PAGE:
A Universal History of the Destruction of Books

universal history of the destruction of books book coverFernando Baez, a Venezuelan historian, spent almost 12 years just to assemble the chronicles of this book which would depict a horrific assault on human memory. It all starts in Baghdad in 2003 when US soldiers are just idly standing as mobsters loot everywhere and later on, burn the National Library which causes the loss of a million books in estimate. This act of biblioclasm is not new, according to Baez. Some may have reasons of merely invasion and vandalism while others just do it out of viciousness. In history, more than 80% of Egyptian literature has been gone. Sophocles has 120 plays but only 7 of them survived and millions of ancient scrolls and tablets have been gone.

Baez claims that those who order the destructions of libraries and books are not the ignorant. Instead, they are the powerful ones who highly believe that what they know are the only ones that should be considered. They are the ones who believe that all other truths should perish. Baez’s book roams all around the world and revisits the bibliocausts across continents and centuries. He even gave a bit of fictitious destruction of books, which is that of Don Quixote and Fahrenheit 451 by Ray Bradbury.

Back then, emerging religions had their works destroyed and upon supplanting the original destroyers, they do the destruction on their own. As Romans destroyed Christian documents, Christians also destroyed roman documents. Meanwhile, Catholics burned Protestant manuscripts. Henry VIII even eradicated England’s monastic libraries. In the New World, records were destroyed by the invading Spaniards. Even Spanish Fascists burned the own history of their country. Natural disasters such as floods, flames, earthquakes, and damages due to acidic paper, worms, and beetles were also tackled.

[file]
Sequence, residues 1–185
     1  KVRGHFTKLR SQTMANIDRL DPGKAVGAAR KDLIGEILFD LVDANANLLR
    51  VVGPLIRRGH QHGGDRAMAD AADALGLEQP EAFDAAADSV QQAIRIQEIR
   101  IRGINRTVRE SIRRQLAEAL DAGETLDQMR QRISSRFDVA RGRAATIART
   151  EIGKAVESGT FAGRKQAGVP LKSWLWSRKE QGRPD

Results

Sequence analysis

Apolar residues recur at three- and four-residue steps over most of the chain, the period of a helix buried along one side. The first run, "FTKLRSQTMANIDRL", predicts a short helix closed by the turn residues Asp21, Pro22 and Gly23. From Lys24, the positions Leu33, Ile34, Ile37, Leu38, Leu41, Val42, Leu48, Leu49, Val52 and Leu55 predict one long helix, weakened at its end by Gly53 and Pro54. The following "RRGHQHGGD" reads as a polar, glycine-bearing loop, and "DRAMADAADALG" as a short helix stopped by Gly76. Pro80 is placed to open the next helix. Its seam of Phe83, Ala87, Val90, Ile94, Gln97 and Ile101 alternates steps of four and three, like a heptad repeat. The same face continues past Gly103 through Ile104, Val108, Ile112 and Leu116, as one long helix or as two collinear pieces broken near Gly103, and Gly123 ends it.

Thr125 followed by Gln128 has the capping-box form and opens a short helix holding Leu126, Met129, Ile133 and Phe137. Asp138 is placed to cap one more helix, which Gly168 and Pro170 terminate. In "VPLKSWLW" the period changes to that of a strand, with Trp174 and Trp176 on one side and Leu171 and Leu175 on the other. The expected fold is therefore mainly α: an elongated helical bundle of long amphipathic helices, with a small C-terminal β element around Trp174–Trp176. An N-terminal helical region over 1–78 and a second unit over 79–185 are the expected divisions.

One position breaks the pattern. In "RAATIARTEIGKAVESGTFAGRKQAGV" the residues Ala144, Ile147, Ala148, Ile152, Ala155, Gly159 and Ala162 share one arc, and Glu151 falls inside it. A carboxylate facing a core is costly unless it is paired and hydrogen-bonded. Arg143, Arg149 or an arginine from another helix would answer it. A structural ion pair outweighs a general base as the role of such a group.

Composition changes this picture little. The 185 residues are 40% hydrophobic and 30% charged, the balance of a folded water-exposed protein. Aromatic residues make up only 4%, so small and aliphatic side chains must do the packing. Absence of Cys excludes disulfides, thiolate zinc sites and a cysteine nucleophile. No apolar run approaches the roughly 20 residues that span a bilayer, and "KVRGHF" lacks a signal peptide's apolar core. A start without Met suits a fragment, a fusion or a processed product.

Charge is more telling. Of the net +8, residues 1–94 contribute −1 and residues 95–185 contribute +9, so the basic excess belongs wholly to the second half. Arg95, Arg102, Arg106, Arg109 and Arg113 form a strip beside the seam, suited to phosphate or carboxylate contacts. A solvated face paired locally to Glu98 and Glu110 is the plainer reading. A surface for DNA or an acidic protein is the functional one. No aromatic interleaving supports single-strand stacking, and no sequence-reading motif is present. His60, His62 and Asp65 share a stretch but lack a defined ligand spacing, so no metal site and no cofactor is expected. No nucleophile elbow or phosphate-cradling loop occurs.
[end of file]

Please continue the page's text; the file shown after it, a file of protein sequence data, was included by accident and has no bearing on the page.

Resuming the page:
The work of Baez is indeed well-researched and encyclopedic. Baez is also an advisor to UNESCO with regard to cultural destruction. He has taught in different universities across England, Australia, Syria, Jordan, Egypt, France, Spain, Bolivia, Colombia, Brazil, and Mexico. These are the places where he used to research on censorship. But above all, his work is most poignant in Iraq. Being the birthplace of the book and human writing, Western soldiers showed no regard for the works of art, manuscripts, and books that were looted. They were only there to protect facilities which are used in producing oil.

Basically, the book reminds us that we, humans, became books’ greatest enemy. All these horrific biblioclasm acts just to destroy the truth of other people. While the books gives an account on human madness, it raises theoretical questions as well about what kind of humans we are. Baez sought to find the deeper underlying motive in biblioclasm. Baez thinks that humans have an impulse to destroy just for consecration and purification. The book never fails to overwhelm, with how informative, depressing, and entertaining it is all in one. There are a lot of information in this book that book lovers and bibliophiles will surely find amazing.

About the Author

Fernando Báez is the author The History of the Ancient Library of Alexandria, The Cultural Destruction of Iraq, and The Cambridge Translator, a novel. He lives in Venezuela.

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